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Sociologists explain success of communist revolutions

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Posted June 23, 2014
Picture: Butter Week. Picture depicting rural Russia during the timeof Revolution Year: 1919 Author: Boris Kustodiev Source: belygorod.ru

Picture: Butter Week. Picture depicting rural Russia during the timeof Revolution. Year: 1919. Author: Boris Kustodiev. Source: belygorod.ru

Communist upheavals in Russia and China were enormously important historical events. But why were they successful? Scientists Pavel Osinsky and Jari Eloranta provide a compelling answer to this intriguing question. “The peasantry became the political force whose aggregate choice tipped the power balance in favor of the revolutionary contenders,” the sociologists say.

They claim that communist victories can be understood as the outcome of participation in the international conflicts and deep social and economic divisions in the rural areas.

It is often said that the success of Russian and Chinese revolutionary movements was guaranteed by the successful involvement of a peasantry. “Peasants’ contribution to the revolutions in Russia and later in China became possible under two historical conditions: breakdown of state authorities during the mass mobilization wars and existence of an unresolved agrarian problem in the countryside,” the scholars argue.

On the one hand, participation in wars, which involved large number of citizens had detrimental effects for national economies, created various new divisions within these societies and triggered civil unrest. On the other hand, involvement in these wars militarized peasantry in both countries. “Large revolutionary armies, integrated by the centralized command, military discipline, and political guidance, were able to defeat the counterrevolutionary forces,” the scientists explain. They show that communist revolts failed, when this condition was absent. Finish and Spanish governments were not weakened by transnational wars and had resources to suppress civil resistance.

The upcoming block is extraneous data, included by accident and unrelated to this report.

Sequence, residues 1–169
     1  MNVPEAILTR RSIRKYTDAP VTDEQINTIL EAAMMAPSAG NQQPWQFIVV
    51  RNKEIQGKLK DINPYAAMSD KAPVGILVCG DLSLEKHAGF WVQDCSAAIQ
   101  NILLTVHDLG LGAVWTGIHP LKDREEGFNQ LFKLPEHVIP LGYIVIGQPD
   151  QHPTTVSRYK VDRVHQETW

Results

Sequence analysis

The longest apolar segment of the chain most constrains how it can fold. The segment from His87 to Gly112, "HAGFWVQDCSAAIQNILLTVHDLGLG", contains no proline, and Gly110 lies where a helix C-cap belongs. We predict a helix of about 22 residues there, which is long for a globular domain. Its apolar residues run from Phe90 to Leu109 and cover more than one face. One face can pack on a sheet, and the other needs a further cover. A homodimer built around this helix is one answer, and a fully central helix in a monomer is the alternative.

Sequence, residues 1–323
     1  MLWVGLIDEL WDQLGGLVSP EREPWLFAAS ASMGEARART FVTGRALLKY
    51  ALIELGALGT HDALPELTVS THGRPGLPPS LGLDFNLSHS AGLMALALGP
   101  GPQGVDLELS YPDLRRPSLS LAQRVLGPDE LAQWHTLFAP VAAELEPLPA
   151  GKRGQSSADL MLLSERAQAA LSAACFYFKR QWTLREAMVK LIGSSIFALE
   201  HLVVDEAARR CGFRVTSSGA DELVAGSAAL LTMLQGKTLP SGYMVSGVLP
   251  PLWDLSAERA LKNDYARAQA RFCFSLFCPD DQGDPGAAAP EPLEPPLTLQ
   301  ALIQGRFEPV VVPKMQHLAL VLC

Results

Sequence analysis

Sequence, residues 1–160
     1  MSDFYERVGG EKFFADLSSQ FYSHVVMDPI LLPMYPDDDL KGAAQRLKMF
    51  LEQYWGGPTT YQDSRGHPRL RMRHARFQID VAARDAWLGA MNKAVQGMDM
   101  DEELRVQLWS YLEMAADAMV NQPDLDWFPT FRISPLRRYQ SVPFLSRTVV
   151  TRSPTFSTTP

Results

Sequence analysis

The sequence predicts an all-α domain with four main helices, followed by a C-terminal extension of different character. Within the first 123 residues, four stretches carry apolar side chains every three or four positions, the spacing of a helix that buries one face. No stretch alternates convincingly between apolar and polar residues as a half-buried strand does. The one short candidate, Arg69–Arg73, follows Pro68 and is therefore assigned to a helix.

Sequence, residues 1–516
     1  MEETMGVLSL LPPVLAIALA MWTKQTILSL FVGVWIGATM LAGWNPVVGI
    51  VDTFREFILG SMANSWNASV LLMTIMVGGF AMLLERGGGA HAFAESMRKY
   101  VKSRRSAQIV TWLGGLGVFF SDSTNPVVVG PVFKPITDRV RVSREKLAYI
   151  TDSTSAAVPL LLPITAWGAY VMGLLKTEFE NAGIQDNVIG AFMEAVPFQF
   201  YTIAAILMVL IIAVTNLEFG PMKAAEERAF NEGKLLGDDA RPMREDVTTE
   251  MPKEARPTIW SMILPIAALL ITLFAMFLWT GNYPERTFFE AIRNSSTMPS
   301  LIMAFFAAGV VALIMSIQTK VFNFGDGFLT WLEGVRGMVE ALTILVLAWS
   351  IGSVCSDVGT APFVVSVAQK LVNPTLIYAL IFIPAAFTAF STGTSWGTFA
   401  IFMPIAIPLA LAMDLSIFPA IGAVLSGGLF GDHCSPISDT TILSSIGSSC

Another major factor, which fueled the communist rebellions in the first part of the twentieth century, was the allocation of land. “If distribution of land was manifestly inequitable, there would be a strong potential for redistribution of land and peasants’ support for a revolution,” the sociologists think. This was the case in Russia, China and Spain. Otherwise, peasants, who were majority of the population at that time, would not have any incentive to join civil war. For instance, Finnish revolutionaries were not able to attract the rural population because a large proportion of them already was land-owners.

Article: Osinsky, P. and Eloranta, J. (2014), Why Did the Communists Win or Lose? A Comparative Analysis of the Revolutionary Civil Wars in Russia, Finland, Spain, and China. Sociological Forum, 29: 318–341. doi: 10.1111/socf.12086, source link.

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